Monday, March 15, 2010

The Politicization of Everything (that the other side is doing)

Frank Rich wrote a NYT op-ed this weekend that began by criticizing former White House Press Secretary Dana Perino and former NYC Mayor Rudolph Giuliani for their ideological readings of 9/11. Giuliani was appearing on ABC's Good Morning America in January; Perino, on FOX's Hannity last November.

"We had no domestic attacks under Bush," Giuliani declared (though he probably meant after 9/11).

"We did not have a terrorist attack on our country during President Bush's term," Perino stated. "I hope they [the Obama administration and the liberal wing of the press] are not looking at this politically. I do think we owe it to the American people to call it [the Ft. Hood shooting] what it is [a terrorist attack]."

The Rich piece is really about the extent to which Karl Rove (in his recent memoir) and Keep America Safe (a new foreign policy advocacy group founded by Liz Cheney and Bill Kristol) engage in ideologically heavy-handy historical revisionism.

"To hear them tell it," Rich writes, "9/11 was so completely Bill Clinton’s fault that it retroactively happened while he was still in office. The Bush White House is equally blameless for the post-9/11 resurgence of the Taliban, Al Qaeda and Iran. Instead it’s President Obama who is endangering America by coddling terrorists and stopping torture."

But I'm most intrigued by Perino's request that others not mislabel last year's horrific Texas tragedy for politically motivated reasons. It is the hollowness of such a call that moves me. And so many people make it. These days, the opening salvo of just about any debate is usually grounded in the charge that the other side's position is over-determined by mere politics and extremist ideology (as opposed to the speaker's own relatively neutral, fact-based analysis). Admittedly, Rich's essay implicitly pivots on something close to that same move. As does my own posting. But it is a question of degree and kind. And of what one imagines to be the categorical difference between competing sides of any social issue.

For instance, the claim that only left-leaning justices might be described as "activist judges" is silliness. Pure balderdash. Just this week, we find out that Virginia Thomas, wife of Supreme Court Justice Clarence Thomas, is starting a conservative lobbying organization (with links to Tea Party groups). It isn't the Justice himself, but her activists efforts will probably reflect the ideological assumptions behind the kinds of Supreme Court decisions that her husband has been making since the early 1990s. Why don't conservative pundits consider his opinions instantiations of judicial activism? Will that be harder to deny with his wife literally functioning as a political activist? (For those who want to imagine "originalism" as some kind of innoculation from petty politicking, read Matthew Engelke's A Problem of Presence. He's talking about Christian Scripture, not the Constitution, but he unpacks the "semiotic ideologies" that anchor claims about written words that are imagined to speak for themselves, or even to speak at all.)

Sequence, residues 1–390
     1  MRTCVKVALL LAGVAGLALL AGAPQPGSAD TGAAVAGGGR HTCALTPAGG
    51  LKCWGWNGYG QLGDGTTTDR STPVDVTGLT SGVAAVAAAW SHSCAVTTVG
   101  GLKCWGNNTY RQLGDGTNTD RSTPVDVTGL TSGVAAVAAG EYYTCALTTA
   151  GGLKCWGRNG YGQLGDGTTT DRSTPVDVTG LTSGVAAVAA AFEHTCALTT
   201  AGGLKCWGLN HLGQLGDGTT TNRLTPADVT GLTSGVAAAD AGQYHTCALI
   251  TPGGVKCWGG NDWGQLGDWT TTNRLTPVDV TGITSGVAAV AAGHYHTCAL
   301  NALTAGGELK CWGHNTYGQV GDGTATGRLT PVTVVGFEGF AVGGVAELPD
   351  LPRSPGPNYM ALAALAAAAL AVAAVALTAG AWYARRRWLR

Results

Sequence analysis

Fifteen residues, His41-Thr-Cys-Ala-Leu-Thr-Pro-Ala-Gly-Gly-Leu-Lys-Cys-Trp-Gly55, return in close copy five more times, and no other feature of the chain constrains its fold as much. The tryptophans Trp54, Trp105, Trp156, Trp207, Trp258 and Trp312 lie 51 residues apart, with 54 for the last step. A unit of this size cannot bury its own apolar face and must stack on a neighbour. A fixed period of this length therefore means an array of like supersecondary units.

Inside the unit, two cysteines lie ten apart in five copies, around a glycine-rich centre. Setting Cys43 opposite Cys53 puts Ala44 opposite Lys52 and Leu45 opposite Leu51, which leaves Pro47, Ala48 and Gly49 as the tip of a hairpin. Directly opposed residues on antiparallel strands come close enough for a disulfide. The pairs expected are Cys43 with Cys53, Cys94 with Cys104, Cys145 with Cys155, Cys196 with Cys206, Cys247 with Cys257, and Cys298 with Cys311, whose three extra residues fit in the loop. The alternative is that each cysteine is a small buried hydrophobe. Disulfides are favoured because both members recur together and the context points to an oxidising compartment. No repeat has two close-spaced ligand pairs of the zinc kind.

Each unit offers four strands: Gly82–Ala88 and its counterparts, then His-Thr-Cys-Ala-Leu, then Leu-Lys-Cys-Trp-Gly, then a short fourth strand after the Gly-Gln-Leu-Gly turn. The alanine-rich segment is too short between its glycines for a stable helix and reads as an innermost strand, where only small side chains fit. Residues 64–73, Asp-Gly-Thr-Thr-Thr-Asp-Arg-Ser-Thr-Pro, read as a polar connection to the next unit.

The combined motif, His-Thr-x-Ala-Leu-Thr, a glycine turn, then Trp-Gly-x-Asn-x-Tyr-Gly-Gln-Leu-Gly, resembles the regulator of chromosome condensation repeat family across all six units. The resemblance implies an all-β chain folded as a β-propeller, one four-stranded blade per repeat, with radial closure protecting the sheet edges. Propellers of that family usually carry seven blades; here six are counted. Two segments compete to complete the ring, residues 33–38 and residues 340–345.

An invocation of "the political" (to describe "the other side" and its self-serving motivations) is probably one of the most political moves (by that very same definition of self-servingness) in our current rhetorical arsenal. It is also a catchall term, ubiquitous in its squishy polyvocality.

For example, I can't tell you how many queries I get from Chronicle readers who want the inside scoop on the weekly's coverage of events: Why haven't they run an article on the racial angle of that Amy Bishop shooting? Do you know that the Chronicle you write for engages in some unethical censoring of its readership vis-a-vis their comments to articles, especially posts left by "conservative" readers? Just today, somebody was concerned that they hadn't found any coverage of the recent deaths at Cornell University. Is the Chronicle being pressured not to cover the story? The person asked this last question with implications that hover closely to a more non-partisan invocation of the political (to describe "backstage" machinations with a conspiratorial tinge, an example of the political's amazing elasticity).

Moreover, the political is cannibalistic. It feeds off other things, making it more difficult to disentangle political posturing from meaningful political practice. Political incentives can compel people to, say, pounce on Rep. Eric Massa. But that doesn't mean that Massa's actions should be defended, because his attackers smell political blood. (Of course, the logic of our current political/partisan system usually means that we defend our teammates almost no matter what, even to the point of hypocrisy and egregious double-standardism.)

Everything is political. And you don't have to be a card-carrying Foucauldian to think so. Even still, two things seem worth mentioning (as ways to organize and ground such an ostensible truism).

1) Claiming some kind of non-political Archimedean vantage point from which to survey the ideological landscape is unhelpful. And a lie. We can aspire toward greater degrees of objectivity without matter-of-factly declaring that our team (unlike the other side) has already achieved it.

2) Attempts to dismiss other positions as merely political distracts us from the point. The option isn't apolitical vs. political. And the folks who most adamantly declaim that the other guys have cornered the market on political motivations have drunken their own Kool Aid. Or they are betting on the fact that they can get some of us to drink it for them.